Breckenridge celebrates 25 years of international snow sculpture championships |

Breckenridge celebrates 25 years of international snow sculpture championships

Krista Driscoll /

Each year for the past 25 years, the Riverwalk Center parking lot in Breckenridge has been transformed. Blocks of snow weighing 20 tons and standing 12 feet tall appear in rows. Over the course of five days, competitors in 16 teams from all over the U.S. and the world work like maniacs to carve the gigantic blocks into large three-dimensional works of art.

The Budweiser International Snow Sculpture Championships take over the Riverwalk Center area for two weeks — one week of competition and one week of viewing the finished pieces. This year, the last few hours for competitors to complete their sculptures fall on the morning of Saturday, Jan. 31. After 10 a.m., the judges step in and choose the winners.

“It’s exciting that we have a community that’s so much behind this event and it really helps us create a fantastic experience both for the sculptors and for the spectators that come and visit,” said Rachel Zerowin, public relations manager for GoBreck.


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During the 1980 Ullr Fest, Rob Neyland flipped a coin with his team from Breckenridge Associates Real Estate over whether they would do an Ullr Parade float or a snow sculpture. The coin came up heads — snow sculpture — and changed the history of the town forever.

A few years later, a passerby stopped and asked Neyland’s team if they had ever competed nationally.

“And we said, ‘Holy crap — there are nationals?’” said Neyland. “That, then and there, was when we were set on the course of, ‘We need to elevate this art form for Breckenridge to make Breckenridge become known for this art form.’”

Over the next few years, Team Breck took its game outside of Colorado borders and quickly became a force to be reckoned with. After building up its reputation nationally and abroad, Team Breck, with the help of the town of Breckenridge, finally hosted its first international competition in 1991.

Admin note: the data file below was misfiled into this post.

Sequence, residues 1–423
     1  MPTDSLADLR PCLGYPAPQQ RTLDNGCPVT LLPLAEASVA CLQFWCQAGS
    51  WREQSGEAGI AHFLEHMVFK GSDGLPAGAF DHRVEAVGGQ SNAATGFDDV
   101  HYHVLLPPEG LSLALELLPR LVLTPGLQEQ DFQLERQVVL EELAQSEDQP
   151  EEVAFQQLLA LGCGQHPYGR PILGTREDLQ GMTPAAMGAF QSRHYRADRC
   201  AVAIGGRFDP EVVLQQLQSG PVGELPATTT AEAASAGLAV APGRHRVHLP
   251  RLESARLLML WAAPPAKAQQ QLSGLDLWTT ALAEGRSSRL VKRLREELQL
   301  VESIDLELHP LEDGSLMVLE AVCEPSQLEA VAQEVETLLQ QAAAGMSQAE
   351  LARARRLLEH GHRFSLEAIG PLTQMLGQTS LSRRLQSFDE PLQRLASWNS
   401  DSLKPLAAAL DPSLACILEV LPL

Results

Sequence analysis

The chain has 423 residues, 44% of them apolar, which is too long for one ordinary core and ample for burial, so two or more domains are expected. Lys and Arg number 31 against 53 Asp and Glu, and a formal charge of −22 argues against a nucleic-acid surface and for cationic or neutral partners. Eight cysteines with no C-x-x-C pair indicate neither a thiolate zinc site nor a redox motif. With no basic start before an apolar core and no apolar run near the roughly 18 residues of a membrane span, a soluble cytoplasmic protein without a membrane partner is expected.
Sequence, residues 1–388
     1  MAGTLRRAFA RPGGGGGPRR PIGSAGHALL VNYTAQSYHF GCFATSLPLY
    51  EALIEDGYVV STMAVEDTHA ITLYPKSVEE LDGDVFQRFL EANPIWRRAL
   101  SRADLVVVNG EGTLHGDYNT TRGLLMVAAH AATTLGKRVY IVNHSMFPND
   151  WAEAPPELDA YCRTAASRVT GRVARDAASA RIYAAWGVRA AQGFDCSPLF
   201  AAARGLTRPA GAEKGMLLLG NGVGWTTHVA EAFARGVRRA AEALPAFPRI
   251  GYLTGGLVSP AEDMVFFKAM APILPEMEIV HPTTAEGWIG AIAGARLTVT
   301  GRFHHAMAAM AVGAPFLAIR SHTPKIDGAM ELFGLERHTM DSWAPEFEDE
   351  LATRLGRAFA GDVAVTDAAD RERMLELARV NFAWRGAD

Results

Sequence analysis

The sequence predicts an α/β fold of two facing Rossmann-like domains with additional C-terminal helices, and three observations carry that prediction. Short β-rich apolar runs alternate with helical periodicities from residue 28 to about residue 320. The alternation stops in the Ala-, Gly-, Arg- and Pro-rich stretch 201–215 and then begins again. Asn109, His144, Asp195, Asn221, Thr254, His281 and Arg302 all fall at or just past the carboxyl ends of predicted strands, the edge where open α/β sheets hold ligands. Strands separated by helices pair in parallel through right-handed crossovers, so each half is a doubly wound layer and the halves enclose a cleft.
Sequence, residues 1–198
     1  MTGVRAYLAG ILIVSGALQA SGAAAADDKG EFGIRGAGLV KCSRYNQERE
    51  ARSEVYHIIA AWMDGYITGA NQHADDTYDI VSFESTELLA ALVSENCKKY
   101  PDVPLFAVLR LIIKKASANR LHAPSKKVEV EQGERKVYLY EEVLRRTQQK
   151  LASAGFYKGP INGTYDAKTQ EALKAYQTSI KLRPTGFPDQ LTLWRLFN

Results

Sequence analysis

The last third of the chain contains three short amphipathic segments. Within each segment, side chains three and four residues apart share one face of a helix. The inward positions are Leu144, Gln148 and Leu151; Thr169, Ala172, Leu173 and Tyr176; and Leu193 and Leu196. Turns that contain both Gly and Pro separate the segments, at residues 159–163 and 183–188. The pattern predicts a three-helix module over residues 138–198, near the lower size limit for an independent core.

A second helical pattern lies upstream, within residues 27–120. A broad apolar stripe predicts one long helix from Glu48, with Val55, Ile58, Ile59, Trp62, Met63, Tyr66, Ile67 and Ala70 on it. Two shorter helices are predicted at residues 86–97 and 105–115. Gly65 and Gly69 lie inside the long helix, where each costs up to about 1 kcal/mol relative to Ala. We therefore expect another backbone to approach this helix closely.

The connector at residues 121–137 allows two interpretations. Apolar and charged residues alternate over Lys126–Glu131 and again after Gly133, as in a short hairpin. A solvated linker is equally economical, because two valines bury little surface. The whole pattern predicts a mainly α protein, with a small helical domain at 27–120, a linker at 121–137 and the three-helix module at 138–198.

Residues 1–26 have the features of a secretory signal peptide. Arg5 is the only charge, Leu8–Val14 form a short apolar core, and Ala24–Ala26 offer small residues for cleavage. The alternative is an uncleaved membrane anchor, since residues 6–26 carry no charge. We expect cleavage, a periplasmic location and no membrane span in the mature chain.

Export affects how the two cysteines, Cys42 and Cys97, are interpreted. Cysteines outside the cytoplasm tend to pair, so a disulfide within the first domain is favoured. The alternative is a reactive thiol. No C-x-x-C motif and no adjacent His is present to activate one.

“It’s a monstrous behind-the-scenes (effort) to pull all this together,” said Sandy Metzger, events director for GoBreck.

Before the competitors even make it to Colorado, people are working to prepare for the championships. The parking lot is cleared of snow and ice, scraped down to the tar. Then the snow is brought in from Breckenridge Ski Resort, put into large casts and stomped into shape. Breckenridge Crane Service steps in to move the gigantic blocks to their places.

“In addition to all the operations you see outside, we also house the teams, feed the teams, we transport the teams from Denver,” Metzger said. Essentially, once the teams touch down at Denver International Airport, they’re taken care of. Local residents offer up their homes and act as guides for the various teams — and occasionally as gofers to Walmart in case a specific scraping tool is required.

While the sculptures are being made, teams are working to remove all of the extra snow that gets scraped off.

It’s a lot of work, but every year when she sees the end result, Metzger says, “OK, it was all worth it.”


While Metzger has been in her role with GoBreck for four years, she’s a longtime local and has been around for all 25 years of snow sculpting in Breckenridge. When asked what moment has stood out over the years, she chose a moment from this, the 25th year.

Due to weather, Team Argentina got stuck in New York and wasn’t able to arrive to the competition on time.

Instead of coming in Tuesday morning, they arrived on Thursday morning, having missed several days of carving. They weren’t about to give up, however, and jumped to it. What happened next was “heartwarming,” Metzger said. The other teams stepped in to help — offering tools, advice.

Several Breckenridge locals have been helping them carve as well.

“They’re competitors, but they’re also friends,” she said. “All the teams asked how they could help Argentina.”


Now that competition is over, the public is welcome to walk through the Riverwalk Center lot and admire the sculptures from every conceivable angle. Lights are strung up to enhance the artwork.

“I’m still amazed every time I see them,” said Metzger.

New this year, complementing the snow championships, is the Fire Arts Festival, which offers a week’s worth of events, from fire dancing performances to concerts.

“We just keep looking for ways to improve the event, just breathe new life into it,” said Metger. “That was a way to add something new for the 25th year and get people excited for 25 more.”

Krista Driscoll contributed to this article.

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